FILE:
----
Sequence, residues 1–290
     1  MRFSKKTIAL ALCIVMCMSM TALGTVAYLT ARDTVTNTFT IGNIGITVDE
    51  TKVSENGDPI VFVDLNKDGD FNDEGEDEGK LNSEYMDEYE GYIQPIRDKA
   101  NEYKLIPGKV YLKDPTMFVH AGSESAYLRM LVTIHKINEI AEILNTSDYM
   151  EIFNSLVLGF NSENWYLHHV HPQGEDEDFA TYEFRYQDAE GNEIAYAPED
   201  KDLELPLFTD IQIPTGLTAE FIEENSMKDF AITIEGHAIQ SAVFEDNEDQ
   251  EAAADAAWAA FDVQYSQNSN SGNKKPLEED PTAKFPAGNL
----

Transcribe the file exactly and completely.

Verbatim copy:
Sequence, residues 1–290
     1  MRFSKKTIAL ALCIVMCMSM TALGTVAYLT ARDTVTNTFT IGNIGITVDE
    51  TKVSENGDPI VFVDLNKDGD FNDEGEDEGK LNSEYMDEYE GYIQPIRDKA
   101  NEYKLIPGKV YLKDPTMFVH AGSESAYLRM LVTIHKINEI AEILNTSDYM
   151  EIFNSLVLGF NSENWYLHHV HPQGEDEDFA TYEFRYQDAE GNEIAYAPED
   201  KDLELPLFTD IQIPTGLTAE FIEENSMKDF AITIEGHAIQ SAVFEDNEDQ
   251  EAAADAAWAA FDVQYSQNSN SGNKKPLEED PTAKFPAGNL